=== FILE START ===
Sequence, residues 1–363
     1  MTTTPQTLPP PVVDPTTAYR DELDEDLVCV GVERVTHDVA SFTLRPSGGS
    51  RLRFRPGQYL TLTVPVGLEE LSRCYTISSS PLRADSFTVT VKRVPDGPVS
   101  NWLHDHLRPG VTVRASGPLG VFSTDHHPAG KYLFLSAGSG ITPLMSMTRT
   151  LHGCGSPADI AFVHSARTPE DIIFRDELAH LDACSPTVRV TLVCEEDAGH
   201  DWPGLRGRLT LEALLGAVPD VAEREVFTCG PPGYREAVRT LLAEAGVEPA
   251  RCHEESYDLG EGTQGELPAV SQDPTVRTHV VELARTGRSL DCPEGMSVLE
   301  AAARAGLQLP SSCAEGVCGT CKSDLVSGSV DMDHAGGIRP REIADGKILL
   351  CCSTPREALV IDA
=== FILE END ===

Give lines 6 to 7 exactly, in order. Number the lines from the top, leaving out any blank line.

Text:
   201  DWPGLRGRLT LEALLGAVPD VAEREVFTCG PPGYREAVRT LLAEAGVEPA
   251  RCHEESYDLG EGTQGELPAV SQDPTVRTHV VELARTGRSL DCPEGMSVLE